Zacatecas City

Zacatecas
City & Municipality
View of Zacatecas
View of Zacatecas
Official seal of Zacatecas
Seal
Nickname(s): Ciudad de cantera, corazón de plata
Civilizadora del Norte
Zacatecas is located in Mexico
Zacatecas
Zacatecas
Location in Mexico
Coordinates:
CountryMexico
StateZacatecas
Founded1548
Municipal Status1825
Government
 • Municipal PresidentUlises Mejía Haro (2018 - 2021) Morena
Area
 • Municipality356.14 km2 (137.51 sq mi)
Elevation (of seat)2,440 m (8,010 ft)
Population (2005) Municipality
 • Municipality138,152
 • Seat122,889
Time zoneUTC−6 (CST)
 • Summer (DST)UTC−5 (CDT)
Postal code (of seat)98000
Area code(s)492
Website(in Spanish) /Official site
Official nameHistoric Centre of Zacatecas
TypeCultural
CriteriaII, IV
Designated1993 (17th session)
Reference no.676
State PartyMexico
RegionLatin America and the Caribbean

Zacatecas (Spanish pronunciation: [sakaˈtekas]) is a city and municipality in Mexico, and the capital and largest city of the state of Zacatecas. Located in north-central Mexico,[1] the city had its start as a Spanish mining camp in the mid-16th century. Native Americans had already known about the area's rich deposits of silver and other minerals. Due to the wealth that the mines provided, Zacatecas quickly became one of the most important cities in New Spain, with much of its silver enriching the Spanish crown. The area saw battles during the turbulent 19th century, but the next major event was the Battle of Zacatecas during the Mexican Revolution when Francisco Villa captured the town, an event still celebrated every anniversary. Today, the colonial part of the city is a World Heritage Site, due to the Baroque and other structures built during its mining days. Mining still remains an important industry.[2] The name Zacatecas is derived from the Zacateco people and has its roots in Nahuatl. The name means "people of the grasslands."[3]

History

Indigenous peoples

The first people to populate the area arrived approximately 10,000 years ago, when the climate was wetter and warmer, with different vegetation and wildlife. Eventually, the area came to be dominated by Chichimeca tribes such as the Caxcans, Guachichils, Guamares, Huichols, Zacatecos and others, with the Zacatecos being the most numerous in the area the city is today.[2][4] These peoples were mining silver and other metals in these hills long before the Europeans arrived,[5] making the area important in pre-Columbian times.[1]

Colonial period

The Spanish came to the Zacatecas area via Guadalajara. In 1540, Nuño de Guzmán traveled from Mexico City conquering what are now the states of Michoacán and Jalisco. One of Guzmán's lieutenants, Cristóbal de Oñate, conquered the area around what is now Guadalajara. Another, Pedro Almindes Chirinos Peralmindes, went to explore the lands to the north, taking Zacatecas with little trouble but not knowing of the riches underneath the soil. And the area initially was simply frontier. Other expeditions followed, including one by Juan de Tolosa in 1546, who brought back rock samples from Cerro de la Bufa, which were determined to contain high concentrations of silver and lead.[6] A mining camp was soon established at the foot of Cerro de la Bufa.[2] The Zacatecos initially fought the permanent presence of the Spanish, but the mining potential of the area strengthened the Europeans’ resolve and the natives were defeated in the 1540s.[7] Surveys of the other surrounding hills were undertaken by Tolosa, Diego de Ibarra, Baltasar Temiño de Bañuelos, Andrés de Villanueva and others.[2]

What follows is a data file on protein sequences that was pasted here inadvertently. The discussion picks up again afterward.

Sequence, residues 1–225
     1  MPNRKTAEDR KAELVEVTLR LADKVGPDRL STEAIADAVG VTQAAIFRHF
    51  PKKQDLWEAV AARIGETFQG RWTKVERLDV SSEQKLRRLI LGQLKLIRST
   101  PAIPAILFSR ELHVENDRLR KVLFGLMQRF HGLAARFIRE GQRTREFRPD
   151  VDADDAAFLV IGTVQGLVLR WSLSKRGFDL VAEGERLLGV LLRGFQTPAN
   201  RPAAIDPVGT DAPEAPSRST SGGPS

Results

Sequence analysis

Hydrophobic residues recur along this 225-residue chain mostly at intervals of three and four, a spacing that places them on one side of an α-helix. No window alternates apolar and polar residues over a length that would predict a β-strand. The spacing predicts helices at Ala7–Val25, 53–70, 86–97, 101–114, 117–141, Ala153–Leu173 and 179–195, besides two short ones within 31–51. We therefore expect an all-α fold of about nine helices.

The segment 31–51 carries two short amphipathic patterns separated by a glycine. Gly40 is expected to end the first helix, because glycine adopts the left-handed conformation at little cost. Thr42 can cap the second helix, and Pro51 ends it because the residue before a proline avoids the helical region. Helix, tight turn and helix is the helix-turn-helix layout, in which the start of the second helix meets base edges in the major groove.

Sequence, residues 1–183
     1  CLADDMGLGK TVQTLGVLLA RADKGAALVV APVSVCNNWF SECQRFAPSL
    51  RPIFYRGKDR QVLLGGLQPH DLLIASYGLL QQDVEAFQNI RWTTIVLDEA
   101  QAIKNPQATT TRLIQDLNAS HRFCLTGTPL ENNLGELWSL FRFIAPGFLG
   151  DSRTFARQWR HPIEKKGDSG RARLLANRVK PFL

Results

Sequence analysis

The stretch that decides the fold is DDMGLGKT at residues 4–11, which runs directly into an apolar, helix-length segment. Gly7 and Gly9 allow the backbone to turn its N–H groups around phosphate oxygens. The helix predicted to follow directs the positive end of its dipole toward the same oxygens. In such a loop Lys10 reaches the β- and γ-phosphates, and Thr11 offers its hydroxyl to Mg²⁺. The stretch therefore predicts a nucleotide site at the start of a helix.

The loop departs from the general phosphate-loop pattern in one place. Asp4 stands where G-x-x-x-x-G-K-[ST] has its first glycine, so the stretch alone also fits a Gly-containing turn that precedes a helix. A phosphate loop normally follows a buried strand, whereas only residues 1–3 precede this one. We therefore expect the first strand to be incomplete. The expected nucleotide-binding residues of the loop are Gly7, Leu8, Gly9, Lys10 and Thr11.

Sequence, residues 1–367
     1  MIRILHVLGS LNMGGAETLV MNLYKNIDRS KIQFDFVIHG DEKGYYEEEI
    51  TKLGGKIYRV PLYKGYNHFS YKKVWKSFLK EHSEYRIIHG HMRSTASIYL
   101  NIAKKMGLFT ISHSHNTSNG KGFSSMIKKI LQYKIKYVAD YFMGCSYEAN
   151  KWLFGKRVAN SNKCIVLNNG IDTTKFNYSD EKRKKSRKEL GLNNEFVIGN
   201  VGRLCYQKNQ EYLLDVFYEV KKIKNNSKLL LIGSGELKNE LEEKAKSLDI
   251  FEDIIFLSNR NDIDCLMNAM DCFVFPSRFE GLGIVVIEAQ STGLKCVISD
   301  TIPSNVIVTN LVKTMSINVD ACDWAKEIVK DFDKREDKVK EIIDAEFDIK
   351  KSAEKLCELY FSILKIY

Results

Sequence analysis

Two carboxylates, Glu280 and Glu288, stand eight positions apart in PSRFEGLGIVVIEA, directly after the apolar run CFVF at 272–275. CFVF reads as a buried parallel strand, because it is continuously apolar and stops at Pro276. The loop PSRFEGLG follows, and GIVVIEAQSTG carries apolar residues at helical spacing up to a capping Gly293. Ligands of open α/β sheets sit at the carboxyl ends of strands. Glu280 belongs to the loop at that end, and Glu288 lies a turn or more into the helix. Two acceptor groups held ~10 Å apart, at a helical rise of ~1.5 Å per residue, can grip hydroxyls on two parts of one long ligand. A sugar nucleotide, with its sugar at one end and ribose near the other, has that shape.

Avenida Hidalgo in the historic center

A military mining camp was formally established in 1548 and called Minas de Nuestra Señora de Remedios.[4][8] The first major vein of silver was found in 1548 in a mine called San Bernabé. This was followed by similar finds in mines called Albarrada de San Benito, Vetagrande, Pánuco and others. This brought a large number of people to Zacatecas, including craftsmen, merchants, clerics and adventurers.[4] In 1550, royalty found its way to Zacatecas in the person of Leonor Cortés Moctezuma, the illegitimate daughter of conquistador Hernán Cortés and Isabel Moctezuma, daughter of the Aztec emperor. Doña Leonor married Juan de Tolosa. The settlement grew over the space of a few years into one of the most important cities in New Spain and the most populous after Mexico City. The camp became a parish in 1550,[2] in 1585, then it was declared a city with the name of "Muy Noble y Leal Ciudad de Nuestra Señora de Zacatecas" (Very Noble and Loyal City of Our Lady of Zacatecas), receiving its coat of arms from Philip II of Spain at the same time.[2] The success of the mines led to the arrival of indigenous people and the importation of black slaves to work in them. The mining camp spread southwards along the course of the Arroyo de la Plata, which now lies underneath Hidalgo Avenue, the old town's main road. Tall buildings where constructed along here due to the lack of flat area on which to build. The first house was supposedly built in 1547, just before the fortress and metal foundry. Hospitals and hospices were built in the 1550s.[6]

Zacatecas was one of the richest states in Mexico. One of the most important mines from the colonial period is the El Edén mine. It began operations in 1586 in the Cerro de la Bufa. It principally produced gold and silver with most of its production occurring in the 17th and 18th centuries. Today, the opening of this mine is within the city limits and was closed to mining in 1960. It was reopened as a tourist attraction in 1975.[9] By the end of the 16th century, the city was the second most important, after Mexico City, and the income its mines produced for the Spanish Crown made it one of the most powerful in Europe.[1][8] Its importance was not only due to mining. Most of the monastic orders in New Spain eventually established monasteries, making Zacatecas an important center for evangelization. The Franciscans arrived in 1558, the Augustinians in 1576 and the Dominicans in 1604.[2] Many of the missionary expeditions to what are now California and Texas came from this city.[6]